It is accepted wisdom that you learn little from success,because only failure provides real knowledge. This may not have been much comfort for Mammothfest promoter Steve Dickson, at the ill-fated culmination of months of hard work. Thanks to an inauspicious scheduling clash, Dickson’s plans for a regular large Brighton-centric event – which brought together local and international bands – were sent into a tailspin. Ozzy Osbourne’s travelling festival Ozfest, was visiting London’s O2 the same day, prompting a sharp decline in interest for Mammothfest’s South Coast event.

From this experience, Dickson realised the best way to build the festival he envisaged was to evolve his contacts, PR and media presence, then nurture the music scene he adored. “The ethos of Mammothfest is to create a platform for underground bands,” Dickson tells me, over a few beers with some of his team. “Every now and then you go and see an act, and no-one leaves the room. They’re that good!” By adopting a new attitude to promotion, one that builds a grassroots network of promoters, Mammothfest is giving the local rock/metal scene a sustainable boost. Nationwide tours and joint promotions with regional promoters further raise awareness of the Festival and its philosophy.

Working on the idea that emerging acts with experience of playing with international acts can use it as leverage with promoters, they look for local bands to pair with their established bookings. The most interesting prospective bands are those releasing EPs, touring, putting shows together on their own and striving to make themselves heard. They want those bands to hear about the shows, come down and love it. “Then they’ll work at getting the bill for the next event. If they perform well enough, they’ll get booked for a larger show or a sponsored tour, which might then catch the attention of the larger acts booked to play.”

Ostensibly Dickson and his team are massive music fans themselves, all of them playing in, or managing, bands already. They also expect the same level of fervour and dedication from acts hoping to join their bills. This burgeoning grassroots movement doesn’t just reach out to music fans and bands though. It aims to connect with anyone that wishes to work on their scene. Bookers, bands, artists, web designers or graphic artists, all of them can benefit from the exposure of this solid and visible network.

Since the emergence of global communications and networking, music acts from anywhere in the world can now go to another city and play to a crowd of established fans. But with this boom in social media, come opportunities for unscrupulous artists to create a false sense of success. It’s even possible to buy ‘likes’ from profile farms in India. Dickson says it’s fairly easy to spot bands doing this. “Bands say: ‘we’ve just got 14k Likes in the last two weeks!’ Well, have you released anything recently? Nothing? Well, how did you do that?!” To counteract this, Mammothfest uses its contacts worldwide to find out what’s hot and connect directly with promoters who know their local scene inside out, so they can bring togetherthe best local and international acts.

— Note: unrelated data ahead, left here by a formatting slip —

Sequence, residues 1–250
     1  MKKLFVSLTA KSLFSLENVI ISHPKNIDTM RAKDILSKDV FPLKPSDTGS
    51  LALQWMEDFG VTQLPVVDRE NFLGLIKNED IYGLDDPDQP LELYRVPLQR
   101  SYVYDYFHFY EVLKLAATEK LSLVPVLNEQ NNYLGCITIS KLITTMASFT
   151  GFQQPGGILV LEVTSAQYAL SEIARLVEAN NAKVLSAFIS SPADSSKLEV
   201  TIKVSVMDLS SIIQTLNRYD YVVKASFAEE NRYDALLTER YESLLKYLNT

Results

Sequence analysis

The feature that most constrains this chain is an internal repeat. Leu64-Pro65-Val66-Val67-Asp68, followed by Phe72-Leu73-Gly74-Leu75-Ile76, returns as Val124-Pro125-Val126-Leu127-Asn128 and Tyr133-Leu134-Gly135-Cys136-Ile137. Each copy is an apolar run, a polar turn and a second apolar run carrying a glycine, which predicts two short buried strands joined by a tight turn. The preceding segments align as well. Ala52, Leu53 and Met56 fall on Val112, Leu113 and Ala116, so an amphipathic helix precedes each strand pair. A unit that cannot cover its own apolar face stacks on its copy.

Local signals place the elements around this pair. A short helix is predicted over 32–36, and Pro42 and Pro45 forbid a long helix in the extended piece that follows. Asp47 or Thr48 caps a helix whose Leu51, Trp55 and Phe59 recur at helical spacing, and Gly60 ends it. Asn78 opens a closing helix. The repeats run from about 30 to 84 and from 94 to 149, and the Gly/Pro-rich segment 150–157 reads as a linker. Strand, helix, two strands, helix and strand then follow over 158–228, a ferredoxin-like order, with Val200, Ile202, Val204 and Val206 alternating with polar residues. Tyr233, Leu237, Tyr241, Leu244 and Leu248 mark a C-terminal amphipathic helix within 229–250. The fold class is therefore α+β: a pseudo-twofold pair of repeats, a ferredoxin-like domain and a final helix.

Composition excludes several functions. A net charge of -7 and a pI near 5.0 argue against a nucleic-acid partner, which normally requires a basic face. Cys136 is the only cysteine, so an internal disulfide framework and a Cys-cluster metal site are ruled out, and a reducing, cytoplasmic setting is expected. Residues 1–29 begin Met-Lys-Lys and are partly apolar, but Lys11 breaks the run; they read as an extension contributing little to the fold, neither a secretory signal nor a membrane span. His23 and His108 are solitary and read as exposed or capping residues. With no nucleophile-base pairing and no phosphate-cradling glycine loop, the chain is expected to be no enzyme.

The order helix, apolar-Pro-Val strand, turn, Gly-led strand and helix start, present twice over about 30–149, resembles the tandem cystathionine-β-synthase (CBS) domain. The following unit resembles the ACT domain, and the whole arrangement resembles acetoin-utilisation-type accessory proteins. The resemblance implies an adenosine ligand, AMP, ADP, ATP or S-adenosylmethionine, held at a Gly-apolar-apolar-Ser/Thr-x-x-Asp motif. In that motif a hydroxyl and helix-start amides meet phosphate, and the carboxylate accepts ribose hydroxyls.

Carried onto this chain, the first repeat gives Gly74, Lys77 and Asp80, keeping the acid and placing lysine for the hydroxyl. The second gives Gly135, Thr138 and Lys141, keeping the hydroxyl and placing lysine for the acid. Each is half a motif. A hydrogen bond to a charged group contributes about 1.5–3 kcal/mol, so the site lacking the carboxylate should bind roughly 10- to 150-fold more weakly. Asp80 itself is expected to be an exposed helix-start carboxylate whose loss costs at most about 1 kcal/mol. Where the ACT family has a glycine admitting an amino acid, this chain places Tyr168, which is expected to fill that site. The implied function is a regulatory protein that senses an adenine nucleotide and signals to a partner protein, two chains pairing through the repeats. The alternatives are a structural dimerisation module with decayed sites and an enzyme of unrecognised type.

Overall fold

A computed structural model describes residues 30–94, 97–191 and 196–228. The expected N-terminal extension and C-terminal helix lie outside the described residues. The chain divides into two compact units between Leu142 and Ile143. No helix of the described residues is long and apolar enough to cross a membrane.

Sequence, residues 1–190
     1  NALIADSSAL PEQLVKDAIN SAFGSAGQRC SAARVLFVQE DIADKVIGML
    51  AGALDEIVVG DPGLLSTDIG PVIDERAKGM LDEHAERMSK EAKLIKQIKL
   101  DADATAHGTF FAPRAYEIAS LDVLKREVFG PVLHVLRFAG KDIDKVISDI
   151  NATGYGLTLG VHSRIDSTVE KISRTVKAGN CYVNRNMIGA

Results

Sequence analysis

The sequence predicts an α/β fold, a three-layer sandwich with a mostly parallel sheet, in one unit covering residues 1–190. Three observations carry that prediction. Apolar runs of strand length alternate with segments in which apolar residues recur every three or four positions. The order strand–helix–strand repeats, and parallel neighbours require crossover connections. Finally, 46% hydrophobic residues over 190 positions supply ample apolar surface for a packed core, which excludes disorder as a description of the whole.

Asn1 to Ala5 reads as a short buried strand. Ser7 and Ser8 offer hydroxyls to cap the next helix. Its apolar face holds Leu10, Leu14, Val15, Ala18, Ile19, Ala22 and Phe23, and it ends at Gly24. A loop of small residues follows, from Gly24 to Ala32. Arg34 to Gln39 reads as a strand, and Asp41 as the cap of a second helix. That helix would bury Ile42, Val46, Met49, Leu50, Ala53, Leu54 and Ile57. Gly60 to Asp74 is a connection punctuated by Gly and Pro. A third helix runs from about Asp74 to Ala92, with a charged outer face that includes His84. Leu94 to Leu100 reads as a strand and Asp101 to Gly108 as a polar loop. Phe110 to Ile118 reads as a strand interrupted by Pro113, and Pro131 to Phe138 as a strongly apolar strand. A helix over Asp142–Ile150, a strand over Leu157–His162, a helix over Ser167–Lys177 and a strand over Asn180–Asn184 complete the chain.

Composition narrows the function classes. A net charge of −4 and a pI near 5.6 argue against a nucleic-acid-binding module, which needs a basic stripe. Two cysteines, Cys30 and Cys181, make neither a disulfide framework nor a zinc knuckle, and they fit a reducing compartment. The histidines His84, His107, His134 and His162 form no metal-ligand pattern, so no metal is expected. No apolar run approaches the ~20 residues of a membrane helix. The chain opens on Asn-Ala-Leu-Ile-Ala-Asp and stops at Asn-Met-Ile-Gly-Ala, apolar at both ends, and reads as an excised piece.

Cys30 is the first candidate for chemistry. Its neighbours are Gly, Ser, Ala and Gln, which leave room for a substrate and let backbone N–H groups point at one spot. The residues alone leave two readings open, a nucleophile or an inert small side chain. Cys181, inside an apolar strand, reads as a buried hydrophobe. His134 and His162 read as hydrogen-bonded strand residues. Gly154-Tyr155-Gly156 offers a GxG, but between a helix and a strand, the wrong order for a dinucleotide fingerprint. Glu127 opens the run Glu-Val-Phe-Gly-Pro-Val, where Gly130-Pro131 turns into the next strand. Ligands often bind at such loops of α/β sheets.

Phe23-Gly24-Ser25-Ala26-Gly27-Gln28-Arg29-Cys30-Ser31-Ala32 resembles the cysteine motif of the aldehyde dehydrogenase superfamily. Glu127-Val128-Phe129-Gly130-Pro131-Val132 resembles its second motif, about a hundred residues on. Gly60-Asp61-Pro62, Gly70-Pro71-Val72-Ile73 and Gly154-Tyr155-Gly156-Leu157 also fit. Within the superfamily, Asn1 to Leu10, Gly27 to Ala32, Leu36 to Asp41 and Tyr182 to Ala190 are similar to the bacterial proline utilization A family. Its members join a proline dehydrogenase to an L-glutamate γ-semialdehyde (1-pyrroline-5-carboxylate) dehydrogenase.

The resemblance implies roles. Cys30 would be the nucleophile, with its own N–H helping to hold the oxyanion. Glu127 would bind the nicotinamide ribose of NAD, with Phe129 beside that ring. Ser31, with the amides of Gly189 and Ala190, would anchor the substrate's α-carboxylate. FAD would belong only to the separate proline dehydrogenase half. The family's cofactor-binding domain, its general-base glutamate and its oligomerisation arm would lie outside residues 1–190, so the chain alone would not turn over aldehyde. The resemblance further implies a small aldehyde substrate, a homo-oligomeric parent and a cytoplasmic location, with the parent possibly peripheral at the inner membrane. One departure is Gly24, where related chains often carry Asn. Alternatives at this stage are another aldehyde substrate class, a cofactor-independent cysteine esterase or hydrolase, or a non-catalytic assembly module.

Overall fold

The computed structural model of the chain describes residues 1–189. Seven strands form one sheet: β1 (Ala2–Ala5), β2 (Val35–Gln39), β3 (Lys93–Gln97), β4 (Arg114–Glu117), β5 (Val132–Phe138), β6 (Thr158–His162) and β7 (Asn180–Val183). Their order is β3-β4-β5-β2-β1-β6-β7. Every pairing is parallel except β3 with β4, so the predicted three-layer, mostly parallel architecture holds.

Headliners are Savage Messiah and Martyr Defiled with main support from Meta-stasis and Ingested. The plan is to build on their recent successes, and the sub-culture they’re nurturing, by holding events at an open air venue just outside Brighton. Promoters nationwide are recognising the value of what Mammothfest are striving to achieve. Appreciating it’s harder to draw capacity audiences and raise awareness through unrealistically priced tickets, Dickson and co prefer to provide cheap events in local locations. This ensures fans no longer need travel for hours, or spend excessively, to see amazing bands. “Lower ticket prices mean a fuller venue and fans with more money to spend on band merchandise.” Many Mammothfest events charge a paltry £5 for ten bands, not that every fan appreciates why it’s so cheap. “Some people have actually come up to me and said: ’What’s wrong with it?’ I’m thinking I should put the price up, if it’s going to be more enticing,” Dickson jokes.

Mammothfest comes to Green Door Store, Brighton on Sat 30 – Sun 31 Aug

By Stuart Rolt